Due to their biocompatibility and parallel data processing, DNA computational devices are highly desired for applications in diagnosis and treatment of cancer, infectious and genetic diseases. Much like in modern electronic devices, DNA computation is based on the logic gates - by directly interacting with DNA or RNA input molecules, they produce a specific output depending on their embedded logic function. This work is devoted to the development of functional parts of a future DNA nanorobot for biomedical applications. Specifically, we used DNA nanotechnology and the concept of multicomponent DNA probes to develop three parts of the DNA nanorobot: computing, actuating, and sensing. The computation function was addressed by developing construct with two integrated NAND gates, capable of processing three different DNA or RNA inputs. The second "smart" construct produces actuating function – cleavage of RNA for housekeeping gene in response to recognition of RNA inputs, generated by cancer cells. The third construct is an original DNA "Cephalopod-tile", with improved sensing function, capable of recognizing highly structured biological analytes, such as 16S rRNA of E.coli, as well as increasing hybridization kinetics with targets up to 465 times. These nanoconstructs contributed to development of original DNA nanomachine with OR logic function for treatment of cancer. Theses for Defense 1. Computing: It is possible to design tile-associated DNA NAND logic gates that can be integrated in communicating circuits. 2. Actuating: It is possible to create a DNA nano-construction that can cut out a marker fragment from a longer RNA sequence and use it as an activator for triggering cleavage of another RNA sequence. 3. Sensing: A DNA probe equipped with analyte capture function can increase hybridization rates between DNA and RNA analytes. 4. Sensing, computation, and actuating: It is possible to design multifunctional DNA nanomachines with sensing, computation, and therapeutic modules.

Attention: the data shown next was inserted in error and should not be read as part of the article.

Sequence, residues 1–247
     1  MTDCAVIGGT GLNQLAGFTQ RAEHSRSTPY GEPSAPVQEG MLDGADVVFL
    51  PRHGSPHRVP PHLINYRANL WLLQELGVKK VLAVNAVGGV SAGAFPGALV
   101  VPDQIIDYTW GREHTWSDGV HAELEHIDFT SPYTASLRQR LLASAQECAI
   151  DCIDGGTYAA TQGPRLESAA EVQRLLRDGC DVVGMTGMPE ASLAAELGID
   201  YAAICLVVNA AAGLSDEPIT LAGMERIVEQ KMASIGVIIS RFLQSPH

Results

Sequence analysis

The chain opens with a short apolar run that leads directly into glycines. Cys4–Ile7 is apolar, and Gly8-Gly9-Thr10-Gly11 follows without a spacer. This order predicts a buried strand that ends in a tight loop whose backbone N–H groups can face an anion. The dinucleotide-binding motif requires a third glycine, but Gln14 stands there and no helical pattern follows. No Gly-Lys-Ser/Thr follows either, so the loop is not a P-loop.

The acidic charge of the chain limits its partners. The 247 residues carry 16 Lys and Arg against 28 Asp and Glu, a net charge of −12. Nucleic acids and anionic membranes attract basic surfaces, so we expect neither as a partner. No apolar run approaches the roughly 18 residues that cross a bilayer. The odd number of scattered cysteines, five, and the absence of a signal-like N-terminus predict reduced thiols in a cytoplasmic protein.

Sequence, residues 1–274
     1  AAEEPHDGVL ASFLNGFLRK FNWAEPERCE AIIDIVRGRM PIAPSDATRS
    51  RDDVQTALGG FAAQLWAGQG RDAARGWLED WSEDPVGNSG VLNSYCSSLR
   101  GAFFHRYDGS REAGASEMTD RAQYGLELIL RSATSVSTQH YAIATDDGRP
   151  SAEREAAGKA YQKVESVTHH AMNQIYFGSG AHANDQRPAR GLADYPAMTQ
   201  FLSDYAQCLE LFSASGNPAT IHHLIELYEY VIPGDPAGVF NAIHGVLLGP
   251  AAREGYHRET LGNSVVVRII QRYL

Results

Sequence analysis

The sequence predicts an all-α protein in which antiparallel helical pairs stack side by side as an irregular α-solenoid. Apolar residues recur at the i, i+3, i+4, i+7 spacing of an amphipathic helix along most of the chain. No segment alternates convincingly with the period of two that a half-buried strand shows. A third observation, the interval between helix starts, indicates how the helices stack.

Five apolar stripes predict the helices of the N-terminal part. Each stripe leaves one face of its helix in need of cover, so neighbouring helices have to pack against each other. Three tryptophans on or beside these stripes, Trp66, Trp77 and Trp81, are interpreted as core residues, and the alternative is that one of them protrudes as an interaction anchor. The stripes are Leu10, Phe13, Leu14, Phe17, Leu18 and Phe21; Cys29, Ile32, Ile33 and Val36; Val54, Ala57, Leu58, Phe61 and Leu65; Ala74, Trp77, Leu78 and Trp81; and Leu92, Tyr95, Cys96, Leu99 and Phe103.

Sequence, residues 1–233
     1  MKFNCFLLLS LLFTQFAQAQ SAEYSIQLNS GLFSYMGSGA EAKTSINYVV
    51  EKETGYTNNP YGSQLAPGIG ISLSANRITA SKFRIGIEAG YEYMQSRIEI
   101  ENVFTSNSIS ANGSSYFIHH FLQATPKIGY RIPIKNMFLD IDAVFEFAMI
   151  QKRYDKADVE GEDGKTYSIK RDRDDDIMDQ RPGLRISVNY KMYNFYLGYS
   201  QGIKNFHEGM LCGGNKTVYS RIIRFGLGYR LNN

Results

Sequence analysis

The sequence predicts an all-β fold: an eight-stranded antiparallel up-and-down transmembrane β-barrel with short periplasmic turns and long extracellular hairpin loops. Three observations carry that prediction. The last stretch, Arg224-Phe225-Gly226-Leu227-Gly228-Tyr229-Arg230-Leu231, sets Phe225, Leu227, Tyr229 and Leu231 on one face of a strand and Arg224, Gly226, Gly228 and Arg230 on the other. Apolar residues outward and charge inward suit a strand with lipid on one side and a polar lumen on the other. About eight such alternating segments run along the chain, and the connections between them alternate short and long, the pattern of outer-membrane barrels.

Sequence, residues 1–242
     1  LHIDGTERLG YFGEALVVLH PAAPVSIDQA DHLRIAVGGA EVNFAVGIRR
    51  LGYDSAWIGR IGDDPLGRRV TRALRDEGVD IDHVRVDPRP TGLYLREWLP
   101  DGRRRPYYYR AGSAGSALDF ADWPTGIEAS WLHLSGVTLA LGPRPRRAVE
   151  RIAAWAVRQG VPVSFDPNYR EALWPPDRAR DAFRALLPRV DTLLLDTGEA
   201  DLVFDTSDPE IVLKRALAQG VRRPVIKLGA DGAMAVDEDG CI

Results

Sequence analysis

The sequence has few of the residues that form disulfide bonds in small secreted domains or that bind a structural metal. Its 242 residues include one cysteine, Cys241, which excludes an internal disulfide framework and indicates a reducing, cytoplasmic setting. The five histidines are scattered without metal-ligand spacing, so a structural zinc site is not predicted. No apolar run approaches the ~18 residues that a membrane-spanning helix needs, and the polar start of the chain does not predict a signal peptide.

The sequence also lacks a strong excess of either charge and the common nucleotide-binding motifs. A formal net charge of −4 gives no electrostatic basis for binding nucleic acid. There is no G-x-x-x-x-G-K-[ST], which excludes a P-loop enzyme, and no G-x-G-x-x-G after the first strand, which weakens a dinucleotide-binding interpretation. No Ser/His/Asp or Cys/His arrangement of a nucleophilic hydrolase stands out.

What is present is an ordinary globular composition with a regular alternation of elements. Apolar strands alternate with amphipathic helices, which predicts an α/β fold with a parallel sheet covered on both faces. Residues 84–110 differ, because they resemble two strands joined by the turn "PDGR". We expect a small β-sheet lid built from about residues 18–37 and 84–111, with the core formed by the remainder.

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Doctor of Philosophy (Ph.D.)
College of Sciences
Length of Campus-only Access
Doctoral Dissertation (Open Access)
Molden, Tatiana, "From DNA Logic Gates to DNA Nanorobots" (2022). Electronic Theses and Dissertations, 2020-. 1259.